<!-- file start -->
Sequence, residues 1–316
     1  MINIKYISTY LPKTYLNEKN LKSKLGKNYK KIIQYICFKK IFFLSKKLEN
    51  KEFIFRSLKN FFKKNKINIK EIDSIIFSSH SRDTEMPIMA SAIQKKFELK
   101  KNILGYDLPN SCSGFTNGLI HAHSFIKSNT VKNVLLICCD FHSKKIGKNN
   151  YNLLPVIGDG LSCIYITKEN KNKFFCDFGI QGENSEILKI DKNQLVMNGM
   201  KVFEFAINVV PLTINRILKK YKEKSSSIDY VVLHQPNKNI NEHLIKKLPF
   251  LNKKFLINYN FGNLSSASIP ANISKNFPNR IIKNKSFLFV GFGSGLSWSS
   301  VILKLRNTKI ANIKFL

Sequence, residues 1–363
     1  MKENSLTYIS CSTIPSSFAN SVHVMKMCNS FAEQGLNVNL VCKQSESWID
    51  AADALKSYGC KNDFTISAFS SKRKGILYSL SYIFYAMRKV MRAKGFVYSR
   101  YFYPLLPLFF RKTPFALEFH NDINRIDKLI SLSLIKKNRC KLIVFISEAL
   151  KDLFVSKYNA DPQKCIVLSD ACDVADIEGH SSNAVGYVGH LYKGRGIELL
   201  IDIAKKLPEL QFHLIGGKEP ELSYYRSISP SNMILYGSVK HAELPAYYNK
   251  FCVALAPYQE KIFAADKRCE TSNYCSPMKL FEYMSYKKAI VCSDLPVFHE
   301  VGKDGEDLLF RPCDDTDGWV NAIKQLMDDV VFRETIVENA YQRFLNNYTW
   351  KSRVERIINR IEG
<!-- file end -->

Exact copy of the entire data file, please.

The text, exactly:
Sequence, residues 1–316
     1  MINIKYISTY LPKTYLNEKN LKSKLGKNYK KIIQYICFKK IFFLSKKLEN
    51  KEFIFRSLKN FFKKNKINIK EIDSIIFSSH SRDTEMPIMA SAIQKKFELK
   101  KNILGYDLPN SCSGFTNGLI HAHSFIKSNT VKNVLLICCD FHSKKIGKNN
   151  YNLLPVIGDG LSCIYITKEN KNKFFCDFGI QGENSEILKI DKNQLVMNGM
   201  KVFEFAINVV PLTINRILKK YKEKSSSIDY VVLHQPNKNI NEHLIKKLPF
   251  LNKKFLINYN FGNLSSASIP ANISKNFPNR IIKNKSFLFV GFGSGLSWSS
   301  VILKLRNTKI ANIKFL

Sequence, residues 1–363
     1  MKENSLTYIS CSTIPSSFAN SVHVMKMCNS FAEQGLNVNL VCKQSESWID
    51  AADALKSYGC KNDFTISAFS SKRKGILYSL SYIFYAMRKV MRAKGFVYSR
   101  YFYPLLPLFF RKTPFALEFH NDINRIDKLI SLSLIKKNRC KLIVFISEAL
   151  KDLFVSKYNA DPQKCIVLSD ACDVADIEGH SSNAVGYVGH LYKGRGIELL
   201  IDIAKKLPEL QFHLIGGKEP ELSYYRSISP SNMILYGSVK HAELPAYYNK
   251  FCVALAPYQE KIFAADKRCE TSNYCSPMKL FEYMSYKKAI VCSDLPVFHE
   301  VGKDGEDLLF RPCDDTDGWV NAIKQLMDDV VFRETIVENA YQRFLNNYTW
   351  KSRVERIINR IEG